Three cohorts, each starting with ten pastors, met three times a year, at events hosted by the PRM team, to share about the blessings and hardships of rural ministry and to learn from one another in mutual encouragement of the faith. Additionally, the college leveraged its resources and designed a three-pronged approach utilizing class projects, service trips, and summer interns to support the pastors. Now, five years later, we’re looking back and reflecting with the pastors, asking the question: how has PRM’s approach to bolstering “the partnership of College, Church, and Community” enriched life and ministry in rural places? Here’s what they have to say.

What Pastors Have to Say about the PRM

The Agricultural region, stretching across Ohio, Pennsylvania, and New York, is home to rolling corn fields and churches full of many people who know the hard and beautiful life of farming. Janet Pratt, a pastor of five Global Methodist congregations in the western corner of Pennsylvania, reflects on how participation in the PRM has enriched her busy life in ministry: “it’s been really good for us, it’s been rewarding to work with students and take advantage of opportunities to meet with other pastors. We all have the same struggles and it’s been encouraging to realize you’re not a lone soldier out there.”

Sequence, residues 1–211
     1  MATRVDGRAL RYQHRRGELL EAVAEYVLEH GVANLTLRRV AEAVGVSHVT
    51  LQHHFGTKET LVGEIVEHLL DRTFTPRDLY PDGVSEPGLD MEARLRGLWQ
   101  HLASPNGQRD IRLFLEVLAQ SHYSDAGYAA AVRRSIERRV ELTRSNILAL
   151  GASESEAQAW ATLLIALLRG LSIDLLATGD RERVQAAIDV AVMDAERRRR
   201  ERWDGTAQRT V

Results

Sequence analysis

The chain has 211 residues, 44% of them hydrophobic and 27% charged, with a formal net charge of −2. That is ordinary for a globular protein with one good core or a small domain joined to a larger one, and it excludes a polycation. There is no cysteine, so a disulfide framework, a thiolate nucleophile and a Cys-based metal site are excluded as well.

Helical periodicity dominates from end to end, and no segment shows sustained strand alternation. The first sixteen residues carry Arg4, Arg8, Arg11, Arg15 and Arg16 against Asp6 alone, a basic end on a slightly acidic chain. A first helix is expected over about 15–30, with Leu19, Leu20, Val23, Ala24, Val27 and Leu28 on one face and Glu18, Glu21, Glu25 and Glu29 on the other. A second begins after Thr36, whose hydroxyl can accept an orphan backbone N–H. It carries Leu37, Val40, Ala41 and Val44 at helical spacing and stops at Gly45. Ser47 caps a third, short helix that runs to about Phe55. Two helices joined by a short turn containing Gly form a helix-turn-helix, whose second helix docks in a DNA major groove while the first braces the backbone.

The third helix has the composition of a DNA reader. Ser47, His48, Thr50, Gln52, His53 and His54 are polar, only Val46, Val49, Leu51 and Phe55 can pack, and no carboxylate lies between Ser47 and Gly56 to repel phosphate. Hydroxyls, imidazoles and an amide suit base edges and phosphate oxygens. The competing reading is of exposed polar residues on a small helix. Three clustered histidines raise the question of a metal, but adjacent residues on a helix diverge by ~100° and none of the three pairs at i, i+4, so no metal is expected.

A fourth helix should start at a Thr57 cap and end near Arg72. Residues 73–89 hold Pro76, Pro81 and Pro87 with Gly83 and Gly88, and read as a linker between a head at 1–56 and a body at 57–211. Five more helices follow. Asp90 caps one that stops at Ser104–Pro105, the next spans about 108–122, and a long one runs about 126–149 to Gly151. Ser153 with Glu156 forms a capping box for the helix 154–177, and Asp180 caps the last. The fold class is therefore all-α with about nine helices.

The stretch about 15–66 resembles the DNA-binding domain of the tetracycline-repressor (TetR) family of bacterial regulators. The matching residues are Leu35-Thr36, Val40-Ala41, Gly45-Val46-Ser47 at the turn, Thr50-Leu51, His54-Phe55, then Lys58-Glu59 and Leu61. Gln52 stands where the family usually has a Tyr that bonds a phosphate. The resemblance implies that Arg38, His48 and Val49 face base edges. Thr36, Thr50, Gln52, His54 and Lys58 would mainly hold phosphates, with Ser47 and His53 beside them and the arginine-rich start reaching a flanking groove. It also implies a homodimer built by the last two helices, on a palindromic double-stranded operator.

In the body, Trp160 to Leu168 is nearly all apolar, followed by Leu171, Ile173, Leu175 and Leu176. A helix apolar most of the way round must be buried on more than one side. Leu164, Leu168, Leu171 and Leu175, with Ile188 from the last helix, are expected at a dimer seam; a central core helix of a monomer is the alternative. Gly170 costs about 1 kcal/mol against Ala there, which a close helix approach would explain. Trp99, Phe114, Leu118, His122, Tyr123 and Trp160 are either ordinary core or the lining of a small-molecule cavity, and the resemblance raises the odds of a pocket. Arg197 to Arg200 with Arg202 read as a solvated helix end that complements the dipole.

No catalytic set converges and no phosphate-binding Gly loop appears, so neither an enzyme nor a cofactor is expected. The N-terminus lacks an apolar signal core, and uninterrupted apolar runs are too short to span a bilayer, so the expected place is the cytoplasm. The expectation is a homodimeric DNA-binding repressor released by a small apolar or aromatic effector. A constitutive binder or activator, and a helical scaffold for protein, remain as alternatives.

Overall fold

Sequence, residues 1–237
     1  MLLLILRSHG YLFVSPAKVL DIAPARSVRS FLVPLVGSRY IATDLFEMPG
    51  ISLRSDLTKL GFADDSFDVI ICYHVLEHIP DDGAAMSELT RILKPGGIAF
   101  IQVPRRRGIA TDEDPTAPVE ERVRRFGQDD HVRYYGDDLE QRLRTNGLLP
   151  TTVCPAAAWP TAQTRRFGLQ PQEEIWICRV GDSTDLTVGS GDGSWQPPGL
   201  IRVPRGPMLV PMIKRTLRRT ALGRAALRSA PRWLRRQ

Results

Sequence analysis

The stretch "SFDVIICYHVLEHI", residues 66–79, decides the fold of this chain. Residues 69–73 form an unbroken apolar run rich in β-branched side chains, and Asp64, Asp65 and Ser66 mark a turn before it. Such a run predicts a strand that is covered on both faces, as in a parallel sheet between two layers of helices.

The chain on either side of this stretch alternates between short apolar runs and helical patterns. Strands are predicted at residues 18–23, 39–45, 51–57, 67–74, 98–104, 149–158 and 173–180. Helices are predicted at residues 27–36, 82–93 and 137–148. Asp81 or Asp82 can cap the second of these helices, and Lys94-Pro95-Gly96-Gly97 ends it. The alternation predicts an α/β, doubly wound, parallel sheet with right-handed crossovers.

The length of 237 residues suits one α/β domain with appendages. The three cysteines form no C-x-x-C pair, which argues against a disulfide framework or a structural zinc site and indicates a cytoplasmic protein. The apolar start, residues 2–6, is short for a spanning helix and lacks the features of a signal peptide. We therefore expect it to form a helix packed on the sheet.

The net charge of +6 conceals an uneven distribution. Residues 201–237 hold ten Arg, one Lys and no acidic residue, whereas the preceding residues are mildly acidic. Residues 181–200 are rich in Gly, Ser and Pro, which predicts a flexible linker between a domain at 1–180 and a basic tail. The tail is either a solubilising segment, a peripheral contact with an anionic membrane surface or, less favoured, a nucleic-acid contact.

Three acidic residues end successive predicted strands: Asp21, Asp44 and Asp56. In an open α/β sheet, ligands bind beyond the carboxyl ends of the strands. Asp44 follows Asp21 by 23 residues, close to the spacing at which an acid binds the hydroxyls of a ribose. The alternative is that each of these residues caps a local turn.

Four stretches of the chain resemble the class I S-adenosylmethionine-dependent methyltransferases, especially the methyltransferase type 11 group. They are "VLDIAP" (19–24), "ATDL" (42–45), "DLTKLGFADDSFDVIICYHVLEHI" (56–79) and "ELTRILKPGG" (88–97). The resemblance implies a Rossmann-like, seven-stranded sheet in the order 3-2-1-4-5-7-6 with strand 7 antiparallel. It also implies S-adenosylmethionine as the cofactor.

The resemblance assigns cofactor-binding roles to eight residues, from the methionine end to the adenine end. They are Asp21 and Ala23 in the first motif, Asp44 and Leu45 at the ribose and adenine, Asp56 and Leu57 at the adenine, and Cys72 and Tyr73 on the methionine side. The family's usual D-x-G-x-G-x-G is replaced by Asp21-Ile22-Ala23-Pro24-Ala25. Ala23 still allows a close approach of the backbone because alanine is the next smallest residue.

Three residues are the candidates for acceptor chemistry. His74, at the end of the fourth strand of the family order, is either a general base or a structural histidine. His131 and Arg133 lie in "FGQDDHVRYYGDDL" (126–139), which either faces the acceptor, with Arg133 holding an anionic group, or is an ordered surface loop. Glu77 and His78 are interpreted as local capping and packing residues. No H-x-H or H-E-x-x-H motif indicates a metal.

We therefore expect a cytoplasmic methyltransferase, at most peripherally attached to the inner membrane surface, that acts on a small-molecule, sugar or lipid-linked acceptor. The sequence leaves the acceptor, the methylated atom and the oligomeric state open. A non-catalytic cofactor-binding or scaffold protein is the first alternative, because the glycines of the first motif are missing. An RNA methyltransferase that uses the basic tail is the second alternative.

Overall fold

Janet Pratt describes her experience of rural ministry and her partnership with the PRM in this video.

The Rust Belt region spans eastern Ohio, the northern panhandle of West Virginia, and southwestern Pennsylvania and once boasted numerous booming industries, but social and economic challenges have led to small towns with rich history and deep scars.  Jeanette Pennsylvania is one of these towns and Dawn Sherwood is one of its devoted pastors.  Pastor Sherwood and her congregation, First Presbyterian Church of Jeanette, know the joys and sorrows of faithfully serving the Lord in a dwindling, suffering town.  In commenting on how partnership with the PRM has provided strength and hope in doing ministry in hard places, Pastor Sherwood remarked, “It’s encouraging to be reminded that we don’t need to be a big church; it’s about feeding the people we have.”